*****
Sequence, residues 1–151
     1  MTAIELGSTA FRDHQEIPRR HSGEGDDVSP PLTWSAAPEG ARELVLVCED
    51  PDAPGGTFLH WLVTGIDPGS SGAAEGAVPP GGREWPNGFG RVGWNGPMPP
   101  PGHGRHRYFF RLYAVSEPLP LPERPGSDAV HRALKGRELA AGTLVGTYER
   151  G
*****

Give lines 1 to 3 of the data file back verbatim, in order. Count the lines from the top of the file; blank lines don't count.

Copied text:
Sequence, residues 1–151
     1  MTAIELGSTA FRDHQEIPRR HSGEGDDVSP PLTWSAAPEG ARELVLVCED
    51  PDAPGGTFLH WLVTGIDPGS SGAAEGAVPP GGREWPNGFG RVGWNGPMPP